How often the cities of Asia, how often the cities of Achaia, have fallen with a quaking! How many towns in Syria, how many in Macedonia, have been swallowed down! How often has this destruction desolated Cyprus! How often has Paphos fallen upon itself! Frequently there is reported to us the ruin of whole cities.

By a body of men holding those hopes for the speedy consummation of the aeon that are known to have dominated the early Christian community, these experiences of earthquakes in Syria, and the reports of their frequency in the adjacent countries, could hardly be interpreted otherwise than as additional portents of the impending crisis, and as such would very probably come to be added to those events actually portrayed by Jesus as preceding the siege of Jerusalem. To this fact is to be attributed, perhaps, the appearance of the words “there shall be earthquakes in divers places” in the document MK.

To no other particular of this forecast does the objective testimony call attention. That which document MK otherwise records may be taken, therefore, as the statement of Jesus, heightened perhaps * in particulars of phraseology, but yet substantially the thought of

1 Ep., 91, 89.

Jesus. That thought is very simple, and of the most general character. It asserts that there will be a period of fierce conflict, with all the terrible accompaniments of warfare between resolute and powerful peoples, before the disciples will see that event about which the conversation opened, the destruction of the capital city. Jesus would correct the natural inference from his first remark to his hearers, namely, that the temple was speedily to be razed. Before that there would be years of severest "travail," which, however, would be only as a "beginning" to the terrors and tortures of the "tribulation" which would be ushered in by the siege. The history of the years A. D. 30 to A. D. 70 more than fulfilled the forecast.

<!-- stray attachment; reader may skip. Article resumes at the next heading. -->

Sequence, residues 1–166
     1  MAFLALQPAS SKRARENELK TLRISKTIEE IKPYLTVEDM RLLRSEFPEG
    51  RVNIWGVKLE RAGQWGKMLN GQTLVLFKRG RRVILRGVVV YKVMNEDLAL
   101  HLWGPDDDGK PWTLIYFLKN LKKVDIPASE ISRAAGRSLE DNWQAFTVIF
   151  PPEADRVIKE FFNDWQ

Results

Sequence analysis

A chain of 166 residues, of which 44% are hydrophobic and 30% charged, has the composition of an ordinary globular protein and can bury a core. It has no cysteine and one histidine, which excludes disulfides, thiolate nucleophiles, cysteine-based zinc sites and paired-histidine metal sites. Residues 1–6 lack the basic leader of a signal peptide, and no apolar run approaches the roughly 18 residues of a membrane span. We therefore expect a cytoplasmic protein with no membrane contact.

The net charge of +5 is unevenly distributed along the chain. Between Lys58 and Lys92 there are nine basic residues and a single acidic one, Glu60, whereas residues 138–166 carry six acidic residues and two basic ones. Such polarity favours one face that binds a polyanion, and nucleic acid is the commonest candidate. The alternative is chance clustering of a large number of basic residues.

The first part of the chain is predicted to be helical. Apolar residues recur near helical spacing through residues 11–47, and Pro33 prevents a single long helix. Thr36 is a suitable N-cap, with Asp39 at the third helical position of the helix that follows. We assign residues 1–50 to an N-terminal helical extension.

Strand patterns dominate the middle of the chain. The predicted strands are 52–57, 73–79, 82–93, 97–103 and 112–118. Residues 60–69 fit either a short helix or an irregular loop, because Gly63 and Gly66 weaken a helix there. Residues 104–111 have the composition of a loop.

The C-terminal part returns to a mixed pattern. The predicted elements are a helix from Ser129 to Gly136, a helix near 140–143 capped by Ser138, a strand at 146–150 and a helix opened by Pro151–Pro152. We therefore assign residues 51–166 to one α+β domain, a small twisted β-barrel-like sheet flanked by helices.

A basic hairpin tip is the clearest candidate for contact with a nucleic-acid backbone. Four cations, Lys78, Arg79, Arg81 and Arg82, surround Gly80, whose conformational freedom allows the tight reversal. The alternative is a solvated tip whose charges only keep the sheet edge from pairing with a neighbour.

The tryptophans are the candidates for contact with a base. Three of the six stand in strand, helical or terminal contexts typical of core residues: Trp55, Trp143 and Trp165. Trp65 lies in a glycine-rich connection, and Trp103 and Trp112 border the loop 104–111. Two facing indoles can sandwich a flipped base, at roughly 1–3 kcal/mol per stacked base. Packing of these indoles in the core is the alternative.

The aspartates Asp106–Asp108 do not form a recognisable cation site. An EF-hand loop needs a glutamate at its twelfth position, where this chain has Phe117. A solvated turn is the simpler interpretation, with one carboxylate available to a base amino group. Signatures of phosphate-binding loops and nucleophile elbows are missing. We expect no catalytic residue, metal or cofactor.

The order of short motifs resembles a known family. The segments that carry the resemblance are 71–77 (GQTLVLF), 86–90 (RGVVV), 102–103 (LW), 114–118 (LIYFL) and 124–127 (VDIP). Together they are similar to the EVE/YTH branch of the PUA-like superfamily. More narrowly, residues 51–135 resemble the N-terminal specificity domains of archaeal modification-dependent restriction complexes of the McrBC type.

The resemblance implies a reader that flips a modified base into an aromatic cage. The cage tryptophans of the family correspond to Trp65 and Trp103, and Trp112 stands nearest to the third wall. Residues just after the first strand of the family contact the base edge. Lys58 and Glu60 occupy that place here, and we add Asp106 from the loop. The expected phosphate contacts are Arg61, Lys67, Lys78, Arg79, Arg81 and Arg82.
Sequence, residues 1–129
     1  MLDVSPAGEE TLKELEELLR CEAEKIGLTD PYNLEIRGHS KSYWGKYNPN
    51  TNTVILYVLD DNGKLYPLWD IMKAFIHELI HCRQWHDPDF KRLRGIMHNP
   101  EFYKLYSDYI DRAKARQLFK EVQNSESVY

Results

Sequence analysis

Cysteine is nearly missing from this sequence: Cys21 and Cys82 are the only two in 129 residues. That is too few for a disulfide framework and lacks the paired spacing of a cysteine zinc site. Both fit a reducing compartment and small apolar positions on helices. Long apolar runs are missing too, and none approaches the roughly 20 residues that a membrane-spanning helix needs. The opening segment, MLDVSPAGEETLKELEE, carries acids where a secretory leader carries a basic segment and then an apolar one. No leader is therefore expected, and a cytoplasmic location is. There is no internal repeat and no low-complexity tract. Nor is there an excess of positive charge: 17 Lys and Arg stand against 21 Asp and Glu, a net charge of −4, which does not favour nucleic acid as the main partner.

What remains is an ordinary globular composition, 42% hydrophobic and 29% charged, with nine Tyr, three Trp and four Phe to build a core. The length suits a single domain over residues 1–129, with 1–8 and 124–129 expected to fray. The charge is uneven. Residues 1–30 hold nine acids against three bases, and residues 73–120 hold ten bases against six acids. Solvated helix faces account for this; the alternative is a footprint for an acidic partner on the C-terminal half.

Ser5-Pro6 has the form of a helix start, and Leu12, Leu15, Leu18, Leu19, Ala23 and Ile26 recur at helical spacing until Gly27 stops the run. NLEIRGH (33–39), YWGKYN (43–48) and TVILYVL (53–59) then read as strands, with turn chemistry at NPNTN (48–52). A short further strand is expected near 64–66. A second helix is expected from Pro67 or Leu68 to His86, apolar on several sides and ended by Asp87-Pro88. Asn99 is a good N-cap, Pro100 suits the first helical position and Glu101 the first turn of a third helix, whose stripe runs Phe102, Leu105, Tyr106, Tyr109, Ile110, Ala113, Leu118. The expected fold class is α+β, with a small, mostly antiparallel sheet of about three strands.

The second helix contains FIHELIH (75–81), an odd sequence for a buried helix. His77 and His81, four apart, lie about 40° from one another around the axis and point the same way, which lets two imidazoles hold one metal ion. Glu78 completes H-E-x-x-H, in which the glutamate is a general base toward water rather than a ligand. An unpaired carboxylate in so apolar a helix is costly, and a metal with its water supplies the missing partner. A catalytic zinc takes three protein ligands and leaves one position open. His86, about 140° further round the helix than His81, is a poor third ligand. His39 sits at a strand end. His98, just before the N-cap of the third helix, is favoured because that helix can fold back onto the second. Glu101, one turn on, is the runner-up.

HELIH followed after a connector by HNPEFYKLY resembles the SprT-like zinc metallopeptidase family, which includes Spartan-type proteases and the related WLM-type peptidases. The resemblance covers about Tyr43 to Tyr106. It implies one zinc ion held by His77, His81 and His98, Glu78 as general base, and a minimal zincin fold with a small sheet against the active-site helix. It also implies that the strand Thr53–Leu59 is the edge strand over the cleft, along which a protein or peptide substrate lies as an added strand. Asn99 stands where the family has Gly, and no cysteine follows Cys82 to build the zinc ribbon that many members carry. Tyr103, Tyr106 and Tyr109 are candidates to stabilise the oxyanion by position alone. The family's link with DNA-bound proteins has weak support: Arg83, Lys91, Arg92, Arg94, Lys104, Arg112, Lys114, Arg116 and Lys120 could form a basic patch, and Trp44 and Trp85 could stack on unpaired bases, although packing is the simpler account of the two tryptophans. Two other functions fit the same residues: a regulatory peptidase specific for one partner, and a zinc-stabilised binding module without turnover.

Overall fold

$8. THE DAY OF THE SON OF MAN There may be a return now to that point in document MK considered prior to the preceding section, namely, the close of the sayings about the rise of messianic claimants, MK 13:23. To the present, there have been brought under review all parts of the thirteenth chapter of document MK that precede MK 13:24. With the twenty-fourth verse another theme of the discourse begins.

and upon

GOSPEL MT 24:29-31
DOCUMENT MK 13:24-27

GOSPEL LK 21:25-28 A But immediately, after the A But in those days, after that tribulation of those days,

tribulation, B

the sun

the sun shall be dark B And there shall be signs in sun shall be darkened, and the moon ened, and the moon shall not and moon and stars; shall not give her light, and the give her light, and the stars shall stars shall fall from heaven, be falling from heaven,

the earth distress of nations, in
perplexity for the roaring of the
sea and the billows; men fainting
for fear, and for expectation of
the things which are coming on

the world:
and D

and the D

for the powers of the the powers of the heavens shall powers that are in the heavens

heavens shall be shaken. be shaken:

shall be shaken. E

and then shall ap-
pear the sign of the Son of man
in heaven: and then shall all the
tribes of the earth mourn,

and F
And then shall F